Agencies are starting to get excited about the potential uses for blockchain.
Justin Herman, the General Services Administration’s Emerging Citizen Technology program office in the Technology Transformation Service, said at the recent 930Gov event in Washington that more and more agencies are seeking his office’s help to test out blockchain and bringing big money to the table.
“Blockchain has up-ended everything. It has shifted in tenor from ‘you should check this out,’ to ‘you really have to check this out’ to ‘we need GSA to take a leadership role in this and build a governmentwide roadmap,’” Herman said. “Every week at least two agencies are coming to the table, and it’s only increasing, ready to invest in blockchain. Not just pilot programs at $50,000 a click, but talking about programs at $4 million a click for this. This is happening right now.”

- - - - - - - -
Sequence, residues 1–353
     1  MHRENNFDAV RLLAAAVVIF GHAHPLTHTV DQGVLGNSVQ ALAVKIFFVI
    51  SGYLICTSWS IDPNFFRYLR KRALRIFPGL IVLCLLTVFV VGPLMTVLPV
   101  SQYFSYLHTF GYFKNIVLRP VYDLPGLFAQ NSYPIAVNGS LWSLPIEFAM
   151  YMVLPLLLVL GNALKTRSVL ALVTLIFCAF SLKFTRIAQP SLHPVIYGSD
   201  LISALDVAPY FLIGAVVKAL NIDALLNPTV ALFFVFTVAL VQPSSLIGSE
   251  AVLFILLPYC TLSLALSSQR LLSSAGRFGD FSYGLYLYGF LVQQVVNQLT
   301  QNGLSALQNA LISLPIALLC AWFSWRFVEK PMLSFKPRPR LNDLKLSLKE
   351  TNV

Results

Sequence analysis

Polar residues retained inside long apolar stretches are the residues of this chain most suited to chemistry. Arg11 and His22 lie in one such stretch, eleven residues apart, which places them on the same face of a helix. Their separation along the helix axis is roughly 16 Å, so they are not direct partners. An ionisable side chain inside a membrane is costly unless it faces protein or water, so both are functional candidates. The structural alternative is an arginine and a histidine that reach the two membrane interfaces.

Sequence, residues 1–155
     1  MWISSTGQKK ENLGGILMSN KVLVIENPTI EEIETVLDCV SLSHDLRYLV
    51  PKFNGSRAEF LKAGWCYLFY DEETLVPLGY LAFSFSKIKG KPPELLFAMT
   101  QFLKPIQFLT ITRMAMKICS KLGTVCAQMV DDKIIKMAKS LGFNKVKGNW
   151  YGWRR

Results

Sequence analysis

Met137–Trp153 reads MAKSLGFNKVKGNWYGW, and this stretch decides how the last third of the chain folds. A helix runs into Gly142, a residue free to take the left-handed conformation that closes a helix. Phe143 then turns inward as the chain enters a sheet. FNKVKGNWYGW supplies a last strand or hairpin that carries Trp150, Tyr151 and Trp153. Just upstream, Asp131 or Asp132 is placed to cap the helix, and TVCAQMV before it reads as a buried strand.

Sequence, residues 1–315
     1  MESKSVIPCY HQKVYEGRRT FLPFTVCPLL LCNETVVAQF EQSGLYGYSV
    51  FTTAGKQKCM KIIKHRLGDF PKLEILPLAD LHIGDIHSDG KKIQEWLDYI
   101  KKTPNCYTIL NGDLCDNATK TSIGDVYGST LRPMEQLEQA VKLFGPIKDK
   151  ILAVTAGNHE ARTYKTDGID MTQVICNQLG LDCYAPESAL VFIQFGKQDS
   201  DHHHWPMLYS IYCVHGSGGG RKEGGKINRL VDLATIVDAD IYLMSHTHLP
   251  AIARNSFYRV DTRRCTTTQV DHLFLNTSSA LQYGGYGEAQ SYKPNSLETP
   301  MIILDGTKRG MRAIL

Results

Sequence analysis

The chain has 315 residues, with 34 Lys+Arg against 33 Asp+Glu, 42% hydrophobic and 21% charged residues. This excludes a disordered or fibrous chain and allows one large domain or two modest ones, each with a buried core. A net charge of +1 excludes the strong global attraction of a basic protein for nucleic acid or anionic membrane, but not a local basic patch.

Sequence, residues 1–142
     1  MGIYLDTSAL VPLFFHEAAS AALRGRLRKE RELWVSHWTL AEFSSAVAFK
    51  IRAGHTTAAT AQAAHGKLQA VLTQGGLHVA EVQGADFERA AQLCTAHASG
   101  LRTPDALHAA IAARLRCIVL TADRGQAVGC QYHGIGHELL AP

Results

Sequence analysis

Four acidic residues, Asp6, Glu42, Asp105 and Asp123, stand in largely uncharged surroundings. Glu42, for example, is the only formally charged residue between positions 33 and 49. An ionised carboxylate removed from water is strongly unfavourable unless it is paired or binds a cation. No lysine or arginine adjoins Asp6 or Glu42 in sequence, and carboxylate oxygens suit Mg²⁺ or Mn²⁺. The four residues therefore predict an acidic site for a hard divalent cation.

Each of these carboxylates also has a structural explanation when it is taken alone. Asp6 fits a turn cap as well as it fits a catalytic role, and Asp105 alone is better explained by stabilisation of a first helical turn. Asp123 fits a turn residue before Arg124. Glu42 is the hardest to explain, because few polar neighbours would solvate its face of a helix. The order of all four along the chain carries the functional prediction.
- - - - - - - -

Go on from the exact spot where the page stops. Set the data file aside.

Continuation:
He said there is so much interest in blockchain that it’s taking up a majority of his day in the emerging technologies office.
The goal with blockchain is to make sure your records are trusted and traceable, and that’s why there is a lot of excitement around the technology.
Herman said GSA has received more than 300 potential use cases for blockchain from federal agencies.
One of those agencies which wants to know more about this technology is the Treasury Department’s Bureau of Fiscal Service. It set up four pilots to test new or emerging technologies, including robotics and blockchain.
John Hill, the assistant commissioner in the Office of Financial Innovation and Transformation, said his office will kick off a blockchain pilot this year focused on physical asset inventory control.